Experts say that today’s youth do not get enough exercise, but I disagree… vehemently! I have three boys and all they do is run. They just sprint. They never walk anywhere. They never learned how. We’ve tried to work with them for years, just teaching them to walk in a way that isn’t destructive.
“Walk firmly, in a straight line. Allow time for braking. Assume five feet of braking time for each mile-per-hour that you are striding. Double that on a slippery surface.
Instead, they go from standing to sprinting to shattering something.
Now, I’m not only terrified for their safety, but for my own as well, because there is a constant flow of bodies everywhere around me crashing into stuff.
Why are they running? What’s the hurry?
It’s not like their crayons are going to expire.
And I can’t take them out in public, or else they’ll destroy all sorts of private property with their clumsy running. We tried using “kid leashes” on the little ones, but they kept pulling our arms out of the sockets.
When we send them to their rooms, it sounds like microwave popcorn bouncing off the walls upstairs.
I regularly hear tire squeals from the children. It hurts my ears! Their shoes only last about a week before they wear down the tread on them. It’s not uncommon for one of the boys to blow a left shoe, spin off uncontrollably into the oncoming lane and hit another one of my sons head on.
What’s going on in their minds?
They don’t seem to comprehend cause and effect. Even when they get hurt from running and crashing, the first thing they do is run to their mom and crash again.
And the sadistic designers of our house placed slippery tile flooring in the kitchen and the bathroom – the two places the kids are most likely to run to.
At some point, all but one of the boys will be brushing their teeth and the last one will run in to join them and – BOOM – it sounds like bowling pins rattling at the end of a lane.
One of their worst accidents was when their grandma showed up. They all ran to her to give her a kiss. She needed dental work after that to repair all the damage.
The worst of them all is my youngest. If you were to pick him up in the air midstride, his feet will continue to pedal on – flailing uncontrollably. This is really problematic when he runs to the door to greet me after I’ve been on the road for a while… I scoop him into my arms for a loving embrace… but his feet don’t stop, which results in me receiving an ultimate “cup-check”!
This is the same generation who look at us confused when we won’t give them the keys to the car!
Next, my good friend Bob Smiley calls into the show from his brand new iPhone 6. He got it from a guy in a van who quickly took his money, gave Bob the phone and sped away without any activation hassles or anything. Bob is impressed by the new design that his phone has – different from all the other iPhones before it: it flips open, has a real long, retractable antennae and texting is strictly done on its numerical keypad – no giant alphabet to deal with!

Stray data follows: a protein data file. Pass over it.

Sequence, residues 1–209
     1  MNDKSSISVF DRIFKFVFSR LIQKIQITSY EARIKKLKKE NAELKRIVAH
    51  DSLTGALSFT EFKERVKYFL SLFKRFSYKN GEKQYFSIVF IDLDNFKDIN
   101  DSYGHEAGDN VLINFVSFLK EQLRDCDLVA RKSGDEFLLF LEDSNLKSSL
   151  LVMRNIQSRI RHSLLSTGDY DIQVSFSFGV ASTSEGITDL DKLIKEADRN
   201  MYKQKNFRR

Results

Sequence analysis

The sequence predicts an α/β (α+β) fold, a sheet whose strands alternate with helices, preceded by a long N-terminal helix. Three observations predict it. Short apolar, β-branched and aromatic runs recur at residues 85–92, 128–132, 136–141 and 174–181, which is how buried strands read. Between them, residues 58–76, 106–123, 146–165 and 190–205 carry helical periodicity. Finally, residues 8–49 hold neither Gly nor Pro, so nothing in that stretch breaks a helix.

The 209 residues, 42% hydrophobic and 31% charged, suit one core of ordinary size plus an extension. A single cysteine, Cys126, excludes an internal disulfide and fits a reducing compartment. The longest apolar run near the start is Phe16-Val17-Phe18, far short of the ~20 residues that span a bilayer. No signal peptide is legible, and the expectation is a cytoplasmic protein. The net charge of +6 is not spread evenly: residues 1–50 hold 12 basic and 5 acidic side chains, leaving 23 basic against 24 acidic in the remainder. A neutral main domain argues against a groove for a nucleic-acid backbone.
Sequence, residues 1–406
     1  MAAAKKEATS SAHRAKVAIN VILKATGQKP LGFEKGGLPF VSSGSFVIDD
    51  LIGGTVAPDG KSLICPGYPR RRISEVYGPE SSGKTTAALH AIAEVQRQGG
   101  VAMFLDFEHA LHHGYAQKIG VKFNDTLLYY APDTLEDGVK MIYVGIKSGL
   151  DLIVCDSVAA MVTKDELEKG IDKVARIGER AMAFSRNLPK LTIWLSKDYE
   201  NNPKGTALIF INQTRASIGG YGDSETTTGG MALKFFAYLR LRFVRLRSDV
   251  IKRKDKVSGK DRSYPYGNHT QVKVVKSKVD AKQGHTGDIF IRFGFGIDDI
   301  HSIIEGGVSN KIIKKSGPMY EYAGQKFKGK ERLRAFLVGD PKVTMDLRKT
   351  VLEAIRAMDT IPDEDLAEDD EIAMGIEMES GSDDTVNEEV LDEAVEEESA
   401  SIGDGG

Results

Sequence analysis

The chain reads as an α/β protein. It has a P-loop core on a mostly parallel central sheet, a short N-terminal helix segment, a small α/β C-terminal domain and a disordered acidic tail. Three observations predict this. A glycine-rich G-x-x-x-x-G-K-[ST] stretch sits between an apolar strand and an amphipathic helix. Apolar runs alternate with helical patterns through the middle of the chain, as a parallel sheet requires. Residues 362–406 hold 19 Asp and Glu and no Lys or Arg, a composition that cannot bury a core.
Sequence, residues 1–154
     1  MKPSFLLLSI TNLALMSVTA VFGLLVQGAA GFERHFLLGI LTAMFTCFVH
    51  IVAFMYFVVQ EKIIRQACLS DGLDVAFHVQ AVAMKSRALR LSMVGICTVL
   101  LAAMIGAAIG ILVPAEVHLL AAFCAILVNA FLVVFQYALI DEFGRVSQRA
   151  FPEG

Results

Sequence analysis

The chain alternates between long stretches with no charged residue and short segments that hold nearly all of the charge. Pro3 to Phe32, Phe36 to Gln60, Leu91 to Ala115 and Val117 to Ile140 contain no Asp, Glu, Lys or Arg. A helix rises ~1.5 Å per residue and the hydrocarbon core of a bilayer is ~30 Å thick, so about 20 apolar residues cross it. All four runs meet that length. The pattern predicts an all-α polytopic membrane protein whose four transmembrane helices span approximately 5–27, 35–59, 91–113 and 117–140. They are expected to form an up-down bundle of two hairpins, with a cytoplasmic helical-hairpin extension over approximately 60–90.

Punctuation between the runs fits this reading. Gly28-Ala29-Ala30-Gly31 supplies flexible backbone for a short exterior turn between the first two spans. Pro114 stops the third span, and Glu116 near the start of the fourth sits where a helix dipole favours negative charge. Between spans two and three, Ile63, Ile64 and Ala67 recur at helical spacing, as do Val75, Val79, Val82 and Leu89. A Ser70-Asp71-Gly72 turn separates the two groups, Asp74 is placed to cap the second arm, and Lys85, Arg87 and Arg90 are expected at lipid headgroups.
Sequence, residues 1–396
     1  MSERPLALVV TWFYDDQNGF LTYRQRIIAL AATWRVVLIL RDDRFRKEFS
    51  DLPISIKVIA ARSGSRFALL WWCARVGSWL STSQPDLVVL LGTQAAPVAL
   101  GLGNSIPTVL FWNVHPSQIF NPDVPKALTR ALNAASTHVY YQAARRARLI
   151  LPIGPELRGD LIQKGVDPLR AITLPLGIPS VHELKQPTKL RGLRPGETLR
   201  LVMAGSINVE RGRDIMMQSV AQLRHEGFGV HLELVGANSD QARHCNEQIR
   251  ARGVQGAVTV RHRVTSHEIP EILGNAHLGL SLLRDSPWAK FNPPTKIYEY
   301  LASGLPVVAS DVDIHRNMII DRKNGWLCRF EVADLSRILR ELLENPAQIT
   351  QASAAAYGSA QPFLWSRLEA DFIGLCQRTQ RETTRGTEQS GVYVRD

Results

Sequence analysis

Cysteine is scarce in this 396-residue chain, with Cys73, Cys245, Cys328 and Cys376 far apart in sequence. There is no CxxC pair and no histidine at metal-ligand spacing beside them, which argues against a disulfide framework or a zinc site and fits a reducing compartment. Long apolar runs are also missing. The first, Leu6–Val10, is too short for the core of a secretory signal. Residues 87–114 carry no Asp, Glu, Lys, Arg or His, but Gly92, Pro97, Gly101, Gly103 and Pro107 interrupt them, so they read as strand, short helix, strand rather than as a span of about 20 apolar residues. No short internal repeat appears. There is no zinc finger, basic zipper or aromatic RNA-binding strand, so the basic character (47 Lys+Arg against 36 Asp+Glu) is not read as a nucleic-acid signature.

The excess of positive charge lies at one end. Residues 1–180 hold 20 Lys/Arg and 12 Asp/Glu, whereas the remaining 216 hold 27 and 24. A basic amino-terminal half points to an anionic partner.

But that’s not why he called.
He and I both have an uncanny gift of putting our foot in our mouth from time to time. (a gift.. at least that’s what we tell our parole officers).
He called to talk about his dad. Unlike Bob, his dad is a big guy. He’s always been big. His grandma once told Bob that his father was born on a Thursday… and a Friday! His dad is so big that Bob once asked if he was adopted. His dad replied, “Yes, you were adopted… but they brought you back.”
Bob didn’t quite get all of his dad’s humor until he was an adult. For instance, if the ice cream truck is playing music, it doesn’t mean that it is all out of ice cream.
But he wasn’t a bad father at all. Like many kids, Bob wanted a treehouse as a boy. So, his dad built him one at the back of his family’s property. His dad even moved Bob’s bed… and his dresser… and all his clothes… and toys into the treehouse. Basically, his dad moved him out at the age of nine.
But, that’s the kind of laughs that helped Bob become the man he is today!
Next, comedian Bob Stromberg joins the show. His latest project, “That Wonder Boy”, is a one-man, mostly auto-biographical show about a man who overcame his happy childhood and became a comedic artist. They say that all great art comes from great suffering. This is proven in the works of Van Gogh, Mozart, Richard Pryor… all the greats! And the number one rule of comedy is that you can’t fake your suffering – it’s got to be real! Whether through neglect, abuse, addiction or just plain bad genes, it’s got to be painful and authentic.
But Bob had a problem. He didn’t qualify. He came from a solid, well-adjusted household and was himself well mannered and well rounded. So, his joyful, thankful heart became the birthplace of a bucking of the system.
As Bob puts it, “Who would exchange a heart full of joy for a life of suffering to produce a great work of art, when the purpose of art in the first place – at least in part – is to bring joy into the world?”
And that’s the backbone of That Wonder Boy!